concert review: My Bloody Valentine, Gemma Hayes, Flowers of Hell @ Kool Haus (Toronto, Ontario), September 25, 2008
Kevin Shields of My Bloody Valentine @ Kool Haus (September 25, 2008)
If I'd had the fortuity back in 1992, I'd have gone to see My Bloody Valentine at The Opera House, the last time they'd pass through the fair city of Toronto. It was around the same time I'd discovered them when I'd borrowed a scratched up copy of their album "Loveless" at my local library and being totally floored by what I heard. They were a logical extension of my admiration of feedback and melody I'd developed a few years prior with The Jesus and Mary Chain. Although as the decade of the nineties turned over to the new millenium, I'd just about given up on My Bloody Valentine ever releasing a follow up to "Loveless" let alone tour ever again. However, 14 years later here we are with My Bloody Valentine (Kevin Shields[guitar, vox], Bilinda Butcher[guitar, vox], Debbie Googe [bass], Colm Ó Cíosóig [drums]) touring again.
Opening the show were the transatlantic-composed London-Toronto outfit Flowers of Hell composed by my count of nine members (ten when hometown hero Owen Pallett joined in on violin for several songs). With a kaleidoscope of screen projections in the background, the ebb and tide of strings, horns (sax, trumpet), keyboards, drums and guitar took the audience on sweeping orch-rock acid trip. While I liked them, instrumental acts are always a tough bunch and they were a bit too much of the same thing over the course of the set.
A surprise addition to the bill was Irish singer songwriter Gemma Hayes. She performed a sublimely melodic and satisfying set of singer-songwriter material, competently embellished with Gemma on acoustic guitar and accompaniement by a gentleman providing some sinewy electric guitar. While the music and melodies had a definite accessibility, there was enough grit to keep things from getting too saccharine, even at times the guitar sound augmented with distortion as perhaps a nod to what would come with My Bloody Valentine's set. She did provide arguably the funniest line of banter of the whole night when she came out at the beginning of her set and introduced herself as "Kevin Shields" - I mean, not many had expected her on the bill, some having anticipated MBV coming on right after Flowers of Hell, so I'm wondering how many people were wondering who she was. I'd already clued who she was because I'd pass by the merch table on the way in and saw her CD for sale. She was a pleasant bonus for the night, though at that point my excitement for MBV was running over.
Finally Kevin, Belinda, Debbie and Colm took the stage to rapturous applause and dove into "Loveless" track 'I Only Said". Throughout the set it their was a dichotomy in the physical emotiveness of the band with Kevin and Belinda taking a protypical, shoegazer, non-chalance while Debbie and Colm, especially on pre-"Loveless" songs, were quite more in a rock mode. Like Flowers of Hell before them, MBV had a colourful array of lighting effects, and also flashing lights. On one hand, lighting effects helped to emphasize the hazy blissfulness of the noise and melodies but on the other hand, the flashing lights in particular were an epileptic's nightmare.
My MBV listening always tended towards "Loveless" and naturally I gravitated towards those songs during the set especially the fantastic chainsaw guitar sounds of 'Only Shallow', the danceable-shoegaze[now, isn't that an oxymoron?] pop of 'Soon', and the shoegazey dream-pop of 'When You Sleep'. The "Isn't Anything" tracks emphasized a rock vigor and intensity (mostly in the Dinosaur Jr-like drumming on some tracks) that really rationalizes MBV as a precursor to the early 90's alt-rock/grunge scene. In a different world, MBV would have been just as popular as Nirvana.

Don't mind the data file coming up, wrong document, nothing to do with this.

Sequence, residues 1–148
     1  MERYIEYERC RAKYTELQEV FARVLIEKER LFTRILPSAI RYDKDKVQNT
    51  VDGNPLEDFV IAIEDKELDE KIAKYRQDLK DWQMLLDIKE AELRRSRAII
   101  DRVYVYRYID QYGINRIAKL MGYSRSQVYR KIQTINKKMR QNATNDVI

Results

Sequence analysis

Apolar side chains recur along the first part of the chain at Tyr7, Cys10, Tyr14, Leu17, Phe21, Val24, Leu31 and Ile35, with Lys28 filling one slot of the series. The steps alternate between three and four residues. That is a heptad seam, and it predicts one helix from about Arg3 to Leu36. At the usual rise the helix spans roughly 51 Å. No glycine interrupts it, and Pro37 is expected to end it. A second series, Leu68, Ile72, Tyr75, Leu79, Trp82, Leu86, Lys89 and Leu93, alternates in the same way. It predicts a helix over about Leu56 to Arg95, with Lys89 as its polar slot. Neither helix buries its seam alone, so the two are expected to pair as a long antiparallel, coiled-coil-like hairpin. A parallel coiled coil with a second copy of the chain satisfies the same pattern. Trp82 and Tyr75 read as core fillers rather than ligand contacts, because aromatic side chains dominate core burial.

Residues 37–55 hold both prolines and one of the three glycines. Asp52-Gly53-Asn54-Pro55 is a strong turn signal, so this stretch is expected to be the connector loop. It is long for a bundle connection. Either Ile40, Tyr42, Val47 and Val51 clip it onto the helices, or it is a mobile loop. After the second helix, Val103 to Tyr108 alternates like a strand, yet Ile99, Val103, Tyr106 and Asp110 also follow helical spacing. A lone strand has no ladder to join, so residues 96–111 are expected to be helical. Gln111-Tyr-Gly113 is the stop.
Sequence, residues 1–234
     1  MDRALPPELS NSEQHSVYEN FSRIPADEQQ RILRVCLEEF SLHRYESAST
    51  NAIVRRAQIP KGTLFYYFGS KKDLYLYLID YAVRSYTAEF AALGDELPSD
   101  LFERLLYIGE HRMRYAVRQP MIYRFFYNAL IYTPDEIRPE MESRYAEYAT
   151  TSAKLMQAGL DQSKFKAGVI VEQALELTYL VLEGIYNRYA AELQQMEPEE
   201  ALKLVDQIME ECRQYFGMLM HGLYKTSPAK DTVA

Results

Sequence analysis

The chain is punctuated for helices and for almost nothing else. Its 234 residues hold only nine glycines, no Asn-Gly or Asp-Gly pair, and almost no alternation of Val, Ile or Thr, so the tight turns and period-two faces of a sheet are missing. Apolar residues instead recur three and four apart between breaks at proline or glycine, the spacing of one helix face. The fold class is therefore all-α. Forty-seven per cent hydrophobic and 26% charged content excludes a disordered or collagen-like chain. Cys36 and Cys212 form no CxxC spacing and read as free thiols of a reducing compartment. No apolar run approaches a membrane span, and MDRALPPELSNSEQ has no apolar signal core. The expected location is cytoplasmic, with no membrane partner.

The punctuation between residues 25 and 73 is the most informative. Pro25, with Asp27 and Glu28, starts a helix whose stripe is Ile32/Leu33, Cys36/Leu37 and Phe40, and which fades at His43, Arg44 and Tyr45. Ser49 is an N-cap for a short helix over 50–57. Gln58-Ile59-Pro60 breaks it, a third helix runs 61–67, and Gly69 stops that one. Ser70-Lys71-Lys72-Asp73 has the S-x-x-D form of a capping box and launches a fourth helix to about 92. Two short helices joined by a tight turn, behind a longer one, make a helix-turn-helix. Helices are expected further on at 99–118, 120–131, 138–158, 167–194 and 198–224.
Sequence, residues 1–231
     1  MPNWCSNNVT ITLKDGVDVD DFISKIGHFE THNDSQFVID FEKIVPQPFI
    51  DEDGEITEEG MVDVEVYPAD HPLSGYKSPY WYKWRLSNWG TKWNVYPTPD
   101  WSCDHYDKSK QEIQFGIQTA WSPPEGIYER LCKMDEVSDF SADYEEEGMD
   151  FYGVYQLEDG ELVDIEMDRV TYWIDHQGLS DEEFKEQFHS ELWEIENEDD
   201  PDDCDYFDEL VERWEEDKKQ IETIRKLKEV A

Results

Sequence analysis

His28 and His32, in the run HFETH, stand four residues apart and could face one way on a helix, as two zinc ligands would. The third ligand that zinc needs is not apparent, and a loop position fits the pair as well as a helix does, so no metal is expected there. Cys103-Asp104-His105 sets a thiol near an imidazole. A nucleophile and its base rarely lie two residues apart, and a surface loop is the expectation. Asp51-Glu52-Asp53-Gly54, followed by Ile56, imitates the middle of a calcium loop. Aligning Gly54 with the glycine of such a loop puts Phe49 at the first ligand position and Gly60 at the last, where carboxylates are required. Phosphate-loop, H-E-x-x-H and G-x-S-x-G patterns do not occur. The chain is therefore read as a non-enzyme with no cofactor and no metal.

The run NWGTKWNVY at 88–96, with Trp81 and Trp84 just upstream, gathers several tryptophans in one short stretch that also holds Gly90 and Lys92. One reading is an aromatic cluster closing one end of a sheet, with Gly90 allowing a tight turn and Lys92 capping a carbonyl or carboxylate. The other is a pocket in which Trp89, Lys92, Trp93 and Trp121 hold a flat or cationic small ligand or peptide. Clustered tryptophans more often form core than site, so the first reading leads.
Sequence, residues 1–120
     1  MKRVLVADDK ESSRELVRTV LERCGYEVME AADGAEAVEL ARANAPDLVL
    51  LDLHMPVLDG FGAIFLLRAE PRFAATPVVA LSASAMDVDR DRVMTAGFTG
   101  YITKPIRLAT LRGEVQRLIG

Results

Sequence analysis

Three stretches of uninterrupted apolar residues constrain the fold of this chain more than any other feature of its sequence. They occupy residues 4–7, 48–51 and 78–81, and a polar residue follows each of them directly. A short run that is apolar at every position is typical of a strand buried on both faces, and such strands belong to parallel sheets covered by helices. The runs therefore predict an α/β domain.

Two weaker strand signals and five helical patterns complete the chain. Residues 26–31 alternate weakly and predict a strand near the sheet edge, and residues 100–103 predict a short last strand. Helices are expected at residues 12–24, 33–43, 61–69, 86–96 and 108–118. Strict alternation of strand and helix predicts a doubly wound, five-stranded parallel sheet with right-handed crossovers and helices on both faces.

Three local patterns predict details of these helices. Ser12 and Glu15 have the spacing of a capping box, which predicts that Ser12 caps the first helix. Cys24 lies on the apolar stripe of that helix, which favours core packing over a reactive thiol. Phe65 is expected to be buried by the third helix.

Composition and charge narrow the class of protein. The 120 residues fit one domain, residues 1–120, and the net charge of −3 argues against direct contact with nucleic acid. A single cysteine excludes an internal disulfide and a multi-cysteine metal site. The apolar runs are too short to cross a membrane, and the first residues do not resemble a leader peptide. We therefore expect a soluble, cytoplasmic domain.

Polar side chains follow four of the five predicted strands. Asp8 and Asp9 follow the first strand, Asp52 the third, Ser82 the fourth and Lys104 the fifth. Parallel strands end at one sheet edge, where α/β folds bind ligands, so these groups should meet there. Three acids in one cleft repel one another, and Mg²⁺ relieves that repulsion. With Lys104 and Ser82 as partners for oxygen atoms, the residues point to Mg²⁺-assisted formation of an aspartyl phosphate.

The defining moment of the show for most was of course their last song of the set 'You Made Me Realise' which started out normal enough before collapsing into a gradual crescendoing sea of white noise, which lasted a whopping 24 minutes. This part of their live set's was apparently been called the 'holocaust' and with good reason - it was every bit as devastating as the name implies. As it got louder and longer, I had a feeling of both ectasy and fear - the ectasy of feeling the wash of sound waves moving through me, but I also felt a slight tangible fear of whether my ear drums could take it. Thankfully, the ear plugs handed out by security on the way in came in handy [although I'd already come prepared with my own in any case], although at times I still felt compelled to cover my ears with my hands like I witness many a person around me do. I can't imagine having lasted that without ear plugs and even a few around me who braved at least half of that without ear plugs, I observed a concern in their expressions and a realization of the possible permanent hearing loss they were subjecting themselves too. I witnessed a few people leave but even more finally reaching for ear plugs in their pockets or covering their ears with their hands. The noise finally fed back into the song and that was it. I couldn't have imagined the band coming back for another song and in certain respects I was glad it was over. As last remnants of the feedback subsided and the house lights came on, there was a jubilation in the faces over everyone around me, including myself. It felt like I'd gone to war, won, and was going home in one piece.
Ed. note[1 Oct 2008]: Sorry for the late review posting.
Photos: My Bloody Valentine, Gemma Hayes, Flowers of Hell @ Kool Haus (September 25, 2008)
Myspace: Flowers of Hell
Myspace: Gemma Hayes
Myspace: My Bloody Valentine